British Groups Abroad

1st Ascension Island
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The ex-NASA site
by Harry Turner (ex-NASA)

 

Ex-NASA Site, Ascension Island
Page 1 of 7

A daytime view of the Unified S-Band Antenna tracking Apollo 11. Although the moon can rarely be seen during daylight hours, sometimes it's there.

Information kindly supplied by Harry Turner

 

Ex-NASA Site, Ascension Island
Page 2 of 7

The initial direction parameters have been programmed into the computer and the Unified S-Band antenna is waiting for the Apollo Spacecraft to rise above the horizon. This is known as AOS (acquisition of signal). After AOS the antenna will "auto track" the spacecraft until LOS (loss of signal) which will occur at the opposite horizon. This would take around 12 to 14 hours.

Information kindly supplied by Harry Turner

 

Ex-NASA Site, Ascension Island
Page 3 of 7

The spacecraft is enroute to the moon and the Devil's Ashpit Tracking Station is gathering and passing along telemetry and tracking data to Houston. The accuracy of the tracking system is plus or minus one meter at lunar distance.

Information kindly supplied by Harry Turner

 

Ex-NASA Site, Ascension Island
Page 4 of 7

Some of the NASA Devil's Ashpit personnel on duty during Apollo 11. At left, (with sunglasses), Harry Turner, center seated, Charlie Renn. extreme right, "Whitey" White. The others are unidentified. The console at rear is for control of the Unified S-Band Dish antenna. A Track-Ball was used to move the antenna manually. The ball portion of this device was actually a bowling ball. Although sophisticated at that time, by today's standards, the equipment seems rather crude.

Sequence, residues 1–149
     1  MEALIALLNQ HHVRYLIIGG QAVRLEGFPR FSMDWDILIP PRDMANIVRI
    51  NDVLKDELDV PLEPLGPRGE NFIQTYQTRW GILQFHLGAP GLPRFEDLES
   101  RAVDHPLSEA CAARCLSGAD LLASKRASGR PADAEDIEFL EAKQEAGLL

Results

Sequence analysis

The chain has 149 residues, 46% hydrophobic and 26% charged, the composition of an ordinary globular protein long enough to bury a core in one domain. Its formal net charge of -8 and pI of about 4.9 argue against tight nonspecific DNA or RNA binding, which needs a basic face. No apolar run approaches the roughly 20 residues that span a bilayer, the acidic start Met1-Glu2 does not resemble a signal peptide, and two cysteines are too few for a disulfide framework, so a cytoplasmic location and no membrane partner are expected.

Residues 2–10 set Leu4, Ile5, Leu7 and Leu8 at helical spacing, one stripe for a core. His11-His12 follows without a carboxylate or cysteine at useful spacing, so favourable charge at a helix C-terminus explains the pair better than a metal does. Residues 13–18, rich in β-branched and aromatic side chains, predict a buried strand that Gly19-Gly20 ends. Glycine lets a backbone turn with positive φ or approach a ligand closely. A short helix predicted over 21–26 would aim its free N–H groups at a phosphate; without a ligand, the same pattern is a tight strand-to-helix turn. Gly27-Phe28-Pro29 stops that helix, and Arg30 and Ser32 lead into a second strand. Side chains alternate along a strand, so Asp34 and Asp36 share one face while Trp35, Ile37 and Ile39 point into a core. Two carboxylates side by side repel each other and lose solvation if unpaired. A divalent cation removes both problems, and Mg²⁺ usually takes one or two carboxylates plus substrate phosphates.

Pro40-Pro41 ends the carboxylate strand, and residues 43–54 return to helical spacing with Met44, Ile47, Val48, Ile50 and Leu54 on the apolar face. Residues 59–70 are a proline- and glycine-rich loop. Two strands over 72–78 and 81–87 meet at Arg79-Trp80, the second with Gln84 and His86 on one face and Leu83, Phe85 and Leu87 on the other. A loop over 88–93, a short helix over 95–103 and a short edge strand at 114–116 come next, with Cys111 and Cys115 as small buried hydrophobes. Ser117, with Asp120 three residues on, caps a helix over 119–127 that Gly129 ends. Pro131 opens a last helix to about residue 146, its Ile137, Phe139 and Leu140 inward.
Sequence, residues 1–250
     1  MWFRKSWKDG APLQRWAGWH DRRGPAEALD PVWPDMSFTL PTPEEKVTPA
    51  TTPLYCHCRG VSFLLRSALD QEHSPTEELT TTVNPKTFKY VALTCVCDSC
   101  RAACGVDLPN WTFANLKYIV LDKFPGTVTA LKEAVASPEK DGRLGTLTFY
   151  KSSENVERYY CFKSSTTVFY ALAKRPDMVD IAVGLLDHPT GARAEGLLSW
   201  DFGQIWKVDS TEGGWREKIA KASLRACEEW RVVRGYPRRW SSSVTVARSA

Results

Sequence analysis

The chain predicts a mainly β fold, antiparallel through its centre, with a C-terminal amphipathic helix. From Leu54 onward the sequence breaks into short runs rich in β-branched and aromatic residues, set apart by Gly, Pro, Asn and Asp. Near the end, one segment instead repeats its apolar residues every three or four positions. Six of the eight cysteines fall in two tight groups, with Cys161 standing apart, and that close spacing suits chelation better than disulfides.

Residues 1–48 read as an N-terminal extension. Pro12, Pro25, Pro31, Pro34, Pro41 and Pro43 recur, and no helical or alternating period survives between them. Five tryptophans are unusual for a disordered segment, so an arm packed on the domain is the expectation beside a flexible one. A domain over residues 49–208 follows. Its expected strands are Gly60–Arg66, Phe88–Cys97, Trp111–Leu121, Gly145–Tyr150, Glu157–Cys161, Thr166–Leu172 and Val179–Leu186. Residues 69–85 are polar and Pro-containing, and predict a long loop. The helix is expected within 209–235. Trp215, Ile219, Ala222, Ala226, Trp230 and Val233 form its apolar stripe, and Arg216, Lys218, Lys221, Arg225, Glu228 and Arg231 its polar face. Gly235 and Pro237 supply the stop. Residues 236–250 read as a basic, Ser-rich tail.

Information kindly supplied by Harry Turner

 

Ex-NASA Site, Ascension Island
Page 5 of 7

"Whitey" White, Receiver/Exciter Engineer in what we jokingly called "Mission Configuration". This photo illustrates that even in those days, it's the equipment that does the work. We humans are there to monitor and supervise the situation.

Information kindly supplied by Harry Turner

 

Ex-NASA Site, Ascension Island
Page 6 of 7

Harry Turner, Antenna Position Programmer/Tracking Data Processor Engineer "diligently at work". I don't remember the reason for the silly hats, probably none, but the sunglasses were helpful after being on duty for two weeks of sixteen hour days.

Information kindly supplied by Harry Turner

 

Ex-NASA Site, Ascension Island
Page 7 of 7

Green Mountain, with the Power Station in the foreground The Power Station was equipped with several Diesel Generators, and supplied mains power for all station activities.

Information kindly supplied by Harry Turner

 

The building's NASA role
by Joseph Cantrell
Photo history
by Harry Turner
Photo history
by Wally Wilkins

 

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